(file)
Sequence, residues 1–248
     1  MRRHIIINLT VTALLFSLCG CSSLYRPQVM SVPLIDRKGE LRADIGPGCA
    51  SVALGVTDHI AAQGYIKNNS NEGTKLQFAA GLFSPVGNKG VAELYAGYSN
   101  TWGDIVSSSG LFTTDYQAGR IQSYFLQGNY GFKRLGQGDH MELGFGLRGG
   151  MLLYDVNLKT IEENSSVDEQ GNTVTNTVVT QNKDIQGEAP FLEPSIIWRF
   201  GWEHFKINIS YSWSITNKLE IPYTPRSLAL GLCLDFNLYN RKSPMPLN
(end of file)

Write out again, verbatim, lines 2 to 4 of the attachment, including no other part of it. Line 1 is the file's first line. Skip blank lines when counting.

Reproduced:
     1  MRRHIIINLT VTALLFSLCG CSSLYRPQVM SVPLIDRKGE LRADIGPGCA
    51  SVALGVTDHI AAQGYIKNNS NEGTKLQFAA GLFSPVGNKG VAELYAGYSN
   101  TWGDIVSSSG LFTTDYQAGR IQSYFLQGNY GFKRLGQGDH MELGFGLRGG